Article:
2. The PIR sensor acts as a digital output, so connect its output pin to one of the Arduino’s digital pins. In this example, we’ll use digital pin #8, but you can choose any available digital pin.

To ensure the proper functioning of the HC-SR501 sensor, follow these additional steps:

  1. Set the jumper on the PIR sensor module to the H position, indicating the Multiple Trigger Mode.
  2. Adjust the Time-Delay potentiometer counterclockwise to set the time delay to at least 3 seconds. Rotate the potentiometer as far as it will go in the counterclockwise direction.
  3. Set the sensitivity potentiometer to your desired position. If you’re unsure, set it to the midpoint for a balanced sensitivity level.

Here is a table summarizing the pin connections:

PIR SensorArduino
OutputDigital Pin 8

Refer to the image below for a visual representation of how to connect the HC-SR501 PIR sensor to the Arduino.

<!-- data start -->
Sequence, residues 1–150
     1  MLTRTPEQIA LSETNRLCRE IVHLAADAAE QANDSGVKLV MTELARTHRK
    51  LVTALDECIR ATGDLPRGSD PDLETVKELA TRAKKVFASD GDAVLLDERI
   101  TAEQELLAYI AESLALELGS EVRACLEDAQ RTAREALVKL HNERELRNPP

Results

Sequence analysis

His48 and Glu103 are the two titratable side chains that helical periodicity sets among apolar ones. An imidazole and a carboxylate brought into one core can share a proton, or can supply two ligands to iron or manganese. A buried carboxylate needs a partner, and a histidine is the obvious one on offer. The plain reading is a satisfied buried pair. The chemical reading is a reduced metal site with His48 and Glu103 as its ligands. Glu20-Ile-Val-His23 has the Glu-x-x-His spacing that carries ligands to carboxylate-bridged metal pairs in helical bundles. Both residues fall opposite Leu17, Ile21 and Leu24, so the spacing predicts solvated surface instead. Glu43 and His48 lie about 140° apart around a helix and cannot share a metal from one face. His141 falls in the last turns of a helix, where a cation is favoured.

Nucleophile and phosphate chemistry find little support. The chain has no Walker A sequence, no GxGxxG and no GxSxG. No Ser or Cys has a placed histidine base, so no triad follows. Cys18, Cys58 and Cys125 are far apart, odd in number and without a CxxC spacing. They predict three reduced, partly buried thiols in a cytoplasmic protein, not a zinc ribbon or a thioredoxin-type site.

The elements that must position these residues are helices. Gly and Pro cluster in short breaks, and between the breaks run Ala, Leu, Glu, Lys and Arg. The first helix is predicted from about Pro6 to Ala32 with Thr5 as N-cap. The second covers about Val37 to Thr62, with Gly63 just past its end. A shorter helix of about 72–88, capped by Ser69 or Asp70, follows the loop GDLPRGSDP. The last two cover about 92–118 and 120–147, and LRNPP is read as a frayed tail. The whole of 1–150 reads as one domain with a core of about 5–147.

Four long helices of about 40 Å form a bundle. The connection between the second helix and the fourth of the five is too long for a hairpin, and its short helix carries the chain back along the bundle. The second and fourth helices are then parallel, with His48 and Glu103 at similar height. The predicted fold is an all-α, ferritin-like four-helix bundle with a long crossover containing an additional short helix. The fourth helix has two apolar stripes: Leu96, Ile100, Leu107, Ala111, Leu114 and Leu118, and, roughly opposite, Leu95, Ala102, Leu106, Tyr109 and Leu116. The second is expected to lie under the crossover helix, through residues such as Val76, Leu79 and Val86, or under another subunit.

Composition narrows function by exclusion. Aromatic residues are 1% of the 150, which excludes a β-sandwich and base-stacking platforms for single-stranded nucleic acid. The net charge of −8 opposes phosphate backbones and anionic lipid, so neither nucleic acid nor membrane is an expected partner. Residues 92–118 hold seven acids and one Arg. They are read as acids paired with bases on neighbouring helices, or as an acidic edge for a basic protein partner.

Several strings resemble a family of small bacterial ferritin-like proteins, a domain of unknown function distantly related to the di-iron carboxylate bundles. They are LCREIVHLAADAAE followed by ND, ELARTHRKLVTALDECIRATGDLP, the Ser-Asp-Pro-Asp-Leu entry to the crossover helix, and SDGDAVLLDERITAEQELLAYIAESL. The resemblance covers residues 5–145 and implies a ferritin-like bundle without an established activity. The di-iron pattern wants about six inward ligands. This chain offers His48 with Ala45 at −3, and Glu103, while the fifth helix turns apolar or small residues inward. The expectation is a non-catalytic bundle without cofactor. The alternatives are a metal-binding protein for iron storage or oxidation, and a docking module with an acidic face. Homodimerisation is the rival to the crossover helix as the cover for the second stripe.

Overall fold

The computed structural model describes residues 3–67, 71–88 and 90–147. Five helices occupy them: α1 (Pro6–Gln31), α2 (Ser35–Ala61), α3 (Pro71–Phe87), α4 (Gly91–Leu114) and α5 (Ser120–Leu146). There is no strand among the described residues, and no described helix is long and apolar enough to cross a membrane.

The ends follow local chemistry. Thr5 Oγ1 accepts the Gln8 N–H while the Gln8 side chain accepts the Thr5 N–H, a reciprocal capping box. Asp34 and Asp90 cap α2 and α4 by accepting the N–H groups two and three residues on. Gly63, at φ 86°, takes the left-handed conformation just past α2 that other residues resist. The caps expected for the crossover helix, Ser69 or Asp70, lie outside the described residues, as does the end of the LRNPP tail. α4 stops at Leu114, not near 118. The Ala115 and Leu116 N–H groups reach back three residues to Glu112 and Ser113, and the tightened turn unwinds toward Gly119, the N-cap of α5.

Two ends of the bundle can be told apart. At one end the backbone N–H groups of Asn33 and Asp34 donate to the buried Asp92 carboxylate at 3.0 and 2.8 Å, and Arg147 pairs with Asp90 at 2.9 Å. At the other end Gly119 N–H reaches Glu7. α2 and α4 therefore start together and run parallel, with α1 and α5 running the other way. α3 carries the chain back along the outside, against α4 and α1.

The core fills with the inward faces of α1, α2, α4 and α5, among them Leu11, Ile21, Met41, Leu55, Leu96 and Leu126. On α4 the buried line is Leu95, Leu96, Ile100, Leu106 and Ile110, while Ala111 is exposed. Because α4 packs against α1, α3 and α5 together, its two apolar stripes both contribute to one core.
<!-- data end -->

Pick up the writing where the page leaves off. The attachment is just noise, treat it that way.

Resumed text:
Now that you have successfully established the wiring, you are ready to upload code to the Arduino and start utilizing the PIR sensor’s functionality.

Arduino Example Code

The code is very simple. It basically just keeps track of whether the input to pin #8 is HIGH or LOW.

int ledPin = 13;                // choose the pin for the LED
int inputPin = 8;               // choose the input pin (for PIR sensor)
int pirState = LOW;             // we start, assuming no motion detected
int val = 0;                    // variable for reading the pin status
void setup() {
  pinMode(ledPin, OUTPUT);      // declare LED as output
  pinMode(inputPin, INPUT);     // declare sensor as input
void loop(){
  val = digitalRead(inputPin);  // read input value
  if (val == HIGH)	// check if the input is HIGH
    digitalWrite(ledPin, HIGH);  // turn LED ON
    if (pirState == LOW) 
      Serial.println("Motion detected!");	// print on output change